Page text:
Message Text: Ecclesiastes 2:1-11
King Solomon is on the hunt. He's chasing what he thinks will make him happy. Our passage today breaks down this way:
The Pleasure Hunt (1-3) “Let’s party.”
The Measure Hunt (4-7) “Let’s build.”
The Treasure Hunt (8-11) “Let’s acquire.”
Billy Graham once wrote, "I've met so many entertainment stars whose day is past. How unhappy and lonely and empty they feel. I've talked with many athletes and former political leaders who feel the same way. They have a moment of glamour, a moment when they're known, a moment when their name is on the front page; then it is over. And now they feel lonely, unhappy, and empty."
We could call this section of Ecclesiastes at “When all you have ever wanted is not enough.” I want to begin by asking some very simple questions but with very difficult answers. 1). Are you happy? 2). What is it that will finally make you happy? 3). When will you finally be happy? If all the other books of the Bible have the answers, then there is one book that presents the questions.
I find that I don’t run from the answers. I like answers. But I run from the questions and chase other things. Our hearts are built for adventure, for the chase. But not to the neglect of the important questions of life. Hedonism is madness because it convinces you to never deal with the issues at hand. You just take a pleasure trip instead.
The things we do to avoid the ache of the unanswered questions is often worse than the ache itself. We can’t talk about any pleasure that Solomon didn’t try. You want to talk about drinking, he drank it all. You want to talk about accomplishments, he built it all. You want to talk about possessions, he made money and bought it all. You want to talk about women, he objectified and used them and experienced it all.
In the Book of Ecclesiastes, Solomon is on the hunt – trying to find the door to meaning. Solomon had everything necessary to carry out his grand experiment. He had almost unlimited resources, money, and time. He’s chasing transcendence, but he thinks it’s something else. At one point in our text today, we read his words: I denied myself nothing my eyes desired; I refused my heart no pleasure. The promise of pleasure as the meaning of life was an empty promise. It brought no satisfaction. It brought no fulfillment. It was like grabbing smoke. It was like chasing wind. Solomon basically asks one question which he will try to answer a number of different ways – How can I be happy? How can I find meaning and purpose? We all want to be happy and we all seek pleasure in some form; we just take different paths to get there. God created a pleasurable world, full of multisensory joys!
Solomon wrote: Ecclesiastes 2:24 There is nothing better for a person than to eat and drink, and show himself some good in his trouble. This too I have seen, that it is from the hand of God. 25 For who can eat and who can have enjoyment without Him?
Moments of pleasure are the remnants washed ashore from a shipwreck in the Garden of Eden long ago. Our pleasures are bits of Paradise that extend into our time. We must hold these relics lightly, and use them with gratitude and restraint, never seizing them as entitlements. Live in the pleasure instead of living for the pleasure. When we live in the pleasure, we take the time to savor it; that moment becomes sacred. When we live for the pleasure, we often get so tied up with expectations, fear, anxiety, and a sense of entitlement that we rush right through it and never really enjoy it. Who do you think enjoys the chocolate chip cookie more – the person who eats two, slowly – or the one who eats the who bag in 5 minutes?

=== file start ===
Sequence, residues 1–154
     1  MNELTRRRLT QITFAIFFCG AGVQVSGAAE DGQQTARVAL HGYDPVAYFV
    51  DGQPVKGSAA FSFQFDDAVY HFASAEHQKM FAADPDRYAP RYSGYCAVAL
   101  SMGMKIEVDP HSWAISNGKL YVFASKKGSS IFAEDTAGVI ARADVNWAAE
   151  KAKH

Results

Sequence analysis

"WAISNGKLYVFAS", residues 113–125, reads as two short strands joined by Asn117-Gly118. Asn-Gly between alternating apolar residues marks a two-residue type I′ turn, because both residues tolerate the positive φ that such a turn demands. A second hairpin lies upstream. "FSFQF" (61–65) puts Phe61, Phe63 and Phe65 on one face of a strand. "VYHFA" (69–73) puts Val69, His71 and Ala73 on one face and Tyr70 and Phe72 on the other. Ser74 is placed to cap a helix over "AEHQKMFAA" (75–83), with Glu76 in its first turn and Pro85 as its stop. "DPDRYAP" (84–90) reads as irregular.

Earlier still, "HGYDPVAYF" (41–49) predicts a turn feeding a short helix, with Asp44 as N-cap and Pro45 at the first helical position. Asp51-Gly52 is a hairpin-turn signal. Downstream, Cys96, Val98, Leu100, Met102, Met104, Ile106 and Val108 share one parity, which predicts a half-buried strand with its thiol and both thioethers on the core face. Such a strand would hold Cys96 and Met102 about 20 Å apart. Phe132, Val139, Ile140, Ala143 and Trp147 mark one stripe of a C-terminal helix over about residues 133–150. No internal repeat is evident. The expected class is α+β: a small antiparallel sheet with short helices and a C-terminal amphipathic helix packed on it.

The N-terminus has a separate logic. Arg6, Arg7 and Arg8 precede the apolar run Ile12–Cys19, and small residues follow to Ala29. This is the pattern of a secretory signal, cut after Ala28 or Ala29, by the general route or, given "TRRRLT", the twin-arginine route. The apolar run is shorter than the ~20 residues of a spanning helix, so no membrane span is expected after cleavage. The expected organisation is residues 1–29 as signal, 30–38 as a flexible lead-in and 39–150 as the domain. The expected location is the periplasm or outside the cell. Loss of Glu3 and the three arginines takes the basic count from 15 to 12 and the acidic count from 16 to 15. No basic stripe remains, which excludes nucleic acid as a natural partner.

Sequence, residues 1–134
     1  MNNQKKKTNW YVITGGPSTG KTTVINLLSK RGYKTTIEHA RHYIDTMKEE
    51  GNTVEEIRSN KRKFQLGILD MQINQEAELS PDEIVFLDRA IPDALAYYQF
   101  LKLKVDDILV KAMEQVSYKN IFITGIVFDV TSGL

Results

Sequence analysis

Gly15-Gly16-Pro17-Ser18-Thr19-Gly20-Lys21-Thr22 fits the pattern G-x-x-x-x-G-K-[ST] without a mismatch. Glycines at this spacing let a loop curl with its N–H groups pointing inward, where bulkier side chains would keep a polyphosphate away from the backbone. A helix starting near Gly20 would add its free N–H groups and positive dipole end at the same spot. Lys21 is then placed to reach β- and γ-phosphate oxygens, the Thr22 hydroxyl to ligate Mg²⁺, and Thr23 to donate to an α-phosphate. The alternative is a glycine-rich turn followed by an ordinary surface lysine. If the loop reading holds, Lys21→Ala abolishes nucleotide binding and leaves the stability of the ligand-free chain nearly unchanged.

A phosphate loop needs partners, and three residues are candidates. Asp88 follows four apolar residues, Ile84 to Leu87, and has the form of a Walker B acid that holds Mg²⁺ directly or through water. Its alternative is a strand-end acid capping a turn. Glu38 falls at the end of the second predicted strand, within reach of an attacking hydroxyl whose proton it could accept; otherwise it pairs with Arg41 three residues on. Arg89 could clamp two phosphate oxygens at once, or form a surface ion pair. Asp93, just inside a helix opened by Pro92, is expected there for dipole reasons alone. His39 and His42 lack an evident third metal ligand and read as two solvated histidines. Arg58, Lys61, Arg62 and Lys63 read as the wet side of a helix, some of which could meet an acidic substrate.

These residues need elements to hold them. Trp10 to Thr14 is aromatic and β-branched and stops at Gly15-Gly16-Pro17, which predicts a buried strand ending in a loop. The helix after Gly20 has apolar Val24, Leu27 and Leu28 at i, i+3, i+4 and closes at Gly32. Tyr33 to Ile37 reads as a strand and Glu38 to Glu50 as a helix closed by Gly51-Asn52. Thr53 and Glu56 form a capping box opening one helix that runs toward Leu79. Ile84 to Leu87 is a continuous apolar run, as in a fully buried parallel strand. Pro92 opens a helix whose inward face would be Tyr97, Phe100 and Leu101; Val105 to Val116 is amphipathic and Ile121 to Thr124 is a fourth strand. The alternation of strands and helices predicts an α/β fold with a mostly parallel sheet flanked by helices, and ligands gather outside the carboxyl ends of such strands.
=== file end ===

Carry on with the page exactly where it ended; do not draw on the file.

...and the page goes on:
The problem with the human heart – like Solomon – is that we chase after things we can see, but our deepest need is not visible, it is invisible. In 430 AD, Augustine wrote, “Our hearts are restless until they find their rest in Thee.” When you come to Him by faith, when you place your life in His hands, in the moment you receive Jesus Christ as your Lord and Savior your heart finds what it has been missing; and your destination changes – forever.
We go down the path of pleasure and when it doesn’t satisfy, rather than find a new path, we surmise, “Well, I just haven’t gone down the pleasure path far enough yet. I’ll keep going and get further in. And still we’re restless. Augustine eventually got to a dead-end and was man enough to admit, “Only God can fill with Himself what I’m trying to fill with pleasure.” The great tragedy that many of us face is the utter foolishness of trying to live life apart from God. Solomon tried to live life independently of God to see what it was like. What Solomon discovered was that all the things he accumulated and experienced wasn’t enough. And rather than change paths, he goes further down the path until he gets outright bitter about it all. “I pursued what everybody said I should and I paid a price to do it, but I’m still empty.” Solomon is saying, “Don't think that the next thing will do it; don't think that the more will do it, because I had the next thing and I had the more, and it didn't do it.”
What we learn in Chapter 2 is very relevant. Entertainment and comedy are not inherently bad, but it wasn’t enough. Seeking the pleasure of alcohol to cope with or numb the pain of life’s problems isn’t enough. Designing an architectural marvel or planting a breath-taking garden is not enough in itself to bring meaning and happiness to life. Though Solomon controlled everything from industry to commerce, he determined that without God the destination is not happiness, but bitterness. If you have everything, and you don’t know the One who gave it, you’ll be miserable. And I you know the One who gives everything, you don’t need what you think you do to have joy.